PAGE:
In addition, 14% of married women have had affairs at least once in their lives. Up to 36% of men and women have admitted to having an affair with a co-worker. And, 70% of married women and 54% of married men were unaware of their spouses' infidelity. That lack of compatibility often leads to a lot of arguments.
Things that used to fall off your back don't work anymore. Go from having high expectations to looking for a way out. And in some cases, distancing yourself from your partner can also lead to acts of infidelity by trying to replace what you have lost in your marriage. When couples separate, they may resort to other addictions, such as gambling, pornography, uncontrollable spending, or infidelity.
An addiction can take control of a spouse's life and put them in danger of losing their jobs, friends, and marriage. Couples who marry at a young age are more likely to face more money problems because their careers are not yet established. In some cases, they haven't matured and don't understand how to communicate effectively. Without experience to guide them, a lack of maturity will often outweigh a calmer approach to marital issues.
Today, more than 40% of all marriages still end in divorce in the United States. The divorce rate has declined from an all-time high of around 50% in the 1970s and 1980s. Download our free e-book with more than 100 financial landmines to avoid. You'll also receive weekly tips and resources to help you get through a divorce.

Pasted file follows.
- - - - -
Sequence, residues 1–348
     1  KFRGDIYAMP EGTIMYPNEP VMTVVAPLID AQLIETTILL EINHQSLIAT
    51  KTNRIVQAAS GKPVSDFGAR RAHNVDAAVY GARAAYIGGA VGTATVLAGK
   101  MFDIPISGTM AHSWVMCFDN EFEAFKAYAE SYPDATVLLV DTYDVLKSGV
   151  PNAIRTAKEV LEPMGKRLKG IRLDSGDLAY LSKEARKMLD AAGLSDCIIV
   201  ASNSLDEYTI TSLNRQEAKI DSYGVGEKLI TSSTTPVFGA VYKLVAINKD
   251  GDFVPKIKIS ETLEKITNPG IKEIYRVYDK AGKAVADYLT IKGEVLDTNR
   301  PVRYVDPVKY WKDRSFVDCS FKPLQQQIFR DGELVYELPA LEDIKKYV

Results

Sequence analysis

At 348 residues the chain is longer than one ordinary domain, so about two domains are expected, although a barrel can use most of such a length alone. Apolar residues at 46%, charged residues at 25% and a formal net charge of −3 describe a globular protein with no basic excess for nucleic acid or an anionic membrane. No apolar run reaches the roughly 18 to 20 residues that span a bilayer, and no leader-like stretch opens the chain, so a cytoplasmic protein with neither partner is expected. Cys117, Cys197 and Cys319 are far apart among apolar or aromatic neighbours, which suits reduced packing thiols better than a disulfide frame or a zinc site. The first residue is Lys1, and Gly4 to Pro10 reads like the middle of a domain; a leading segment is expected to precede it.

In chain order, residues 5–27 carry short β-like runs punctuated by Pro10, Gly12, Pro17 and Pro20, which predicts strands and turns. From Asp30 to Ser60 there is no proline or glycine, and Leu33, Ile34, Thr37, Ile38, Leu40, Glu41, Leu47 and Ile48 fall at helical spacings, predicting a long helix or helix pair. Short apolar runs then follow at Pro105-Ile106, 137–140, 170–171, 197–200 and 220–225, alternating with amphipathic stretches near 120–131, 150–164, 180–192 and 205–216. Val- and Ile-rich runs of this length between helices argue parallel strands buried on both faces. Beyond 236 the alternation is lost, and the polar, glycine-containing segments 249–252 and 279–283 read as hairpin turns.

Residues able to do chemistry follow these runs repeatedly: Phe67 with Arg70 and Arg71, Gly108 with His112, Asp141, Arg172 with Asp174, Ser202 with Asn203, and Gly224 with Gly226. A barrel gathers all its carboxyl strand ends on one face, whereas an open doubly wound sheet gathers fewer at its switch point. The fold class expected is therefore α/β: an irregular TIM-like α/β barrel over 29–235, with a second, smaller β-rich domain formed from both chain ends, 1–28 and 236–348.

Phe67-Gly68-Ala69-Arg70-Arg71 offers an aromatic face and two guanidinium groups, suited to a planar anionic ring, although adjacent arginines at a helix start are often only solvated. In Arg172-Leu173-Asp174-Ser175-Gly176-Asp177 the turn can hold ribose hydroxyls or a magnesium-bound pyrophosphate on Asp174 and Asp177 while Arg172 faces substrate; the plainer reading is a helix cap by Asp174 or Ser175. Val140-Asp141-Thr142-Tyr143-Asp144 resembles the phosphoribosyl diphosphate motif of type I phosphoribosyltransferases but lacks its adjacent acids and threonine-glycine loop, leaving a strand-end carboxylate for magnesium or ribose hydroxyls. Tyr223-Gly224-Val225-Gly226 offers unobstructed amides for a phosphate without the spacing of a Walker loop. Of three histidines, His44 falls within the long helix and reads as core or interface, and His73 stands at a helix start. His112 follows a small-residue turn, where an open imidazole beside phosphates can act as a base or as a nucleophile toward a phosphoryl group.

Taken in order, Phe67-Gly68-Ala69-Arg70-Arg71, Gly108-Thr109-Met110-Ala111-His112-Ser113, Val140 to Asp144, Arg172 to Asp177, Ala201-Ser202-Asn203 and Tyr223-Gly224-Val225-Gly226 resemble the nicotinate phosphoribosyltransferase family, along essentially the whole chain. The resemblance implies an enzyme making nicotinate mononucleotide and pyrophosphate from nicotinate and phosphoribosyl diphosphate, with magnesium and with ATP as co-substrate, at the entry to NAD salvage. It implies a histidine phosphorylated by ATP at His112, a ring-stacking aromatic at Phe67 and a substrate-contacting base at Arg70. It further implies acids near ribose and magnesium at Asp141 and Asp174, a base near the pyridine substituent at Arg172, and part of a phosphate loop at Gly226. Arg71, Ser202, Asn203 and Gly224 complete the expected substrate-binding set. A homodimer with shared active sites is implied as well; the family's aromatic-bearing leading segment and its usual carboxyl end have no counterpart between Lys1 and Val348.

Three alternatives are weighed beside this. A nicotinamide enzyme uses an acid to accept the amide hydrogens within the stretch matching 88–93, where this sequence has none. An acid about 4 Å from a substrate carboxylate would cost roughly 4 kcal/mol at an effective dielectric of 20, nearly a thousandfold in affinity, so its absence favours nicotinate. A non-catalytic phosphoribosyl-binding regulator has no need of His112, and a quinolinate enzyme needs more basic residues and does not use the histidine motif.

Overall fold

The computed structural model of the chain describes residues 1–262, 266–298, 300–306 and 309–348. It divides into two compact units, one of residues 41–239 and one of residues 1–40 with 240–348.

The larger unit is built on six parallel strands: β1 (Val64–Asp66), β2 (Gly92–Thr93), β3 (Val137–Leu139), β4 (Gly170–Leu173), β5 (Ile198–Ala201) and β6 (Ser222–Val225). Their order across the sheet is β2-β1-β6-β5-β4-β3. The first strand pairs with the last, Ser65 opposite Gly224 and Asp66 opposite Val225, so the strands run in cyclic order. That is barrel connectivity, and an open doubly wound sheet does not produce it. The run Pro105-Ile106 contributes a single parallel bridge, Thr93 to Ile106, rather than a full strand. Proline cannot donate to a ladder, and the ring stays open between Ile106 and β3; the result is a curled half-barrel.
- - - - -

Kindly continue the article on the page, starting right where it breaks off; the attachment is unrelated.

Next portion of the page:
Cheating on your spouse doesn't just break a vow, it breaks trust in a relationship. Cheating can be the result of a relationship that dies or fails, or it can simply be the result of a person's own insecurities. Regardless, whether the problem is a one-night stand or something more long-term, cheating often results in divorce, as many couples struggle to learn to trust each other enough to go beyond this judgment. It's common, regardless of the reasons for the divorce, for people considering divorce to feel depressed, vulnerable, and generally overwhelmed.
Here at Orshan, Spann%26 Fernández-Mesa, our goal is to make every part of the divorce process as simple and painless as possible. Contact our Miami-Dade divorce attorneys today at (30) 853-9161 to schedule your initial consultation and start the path to a better future. . .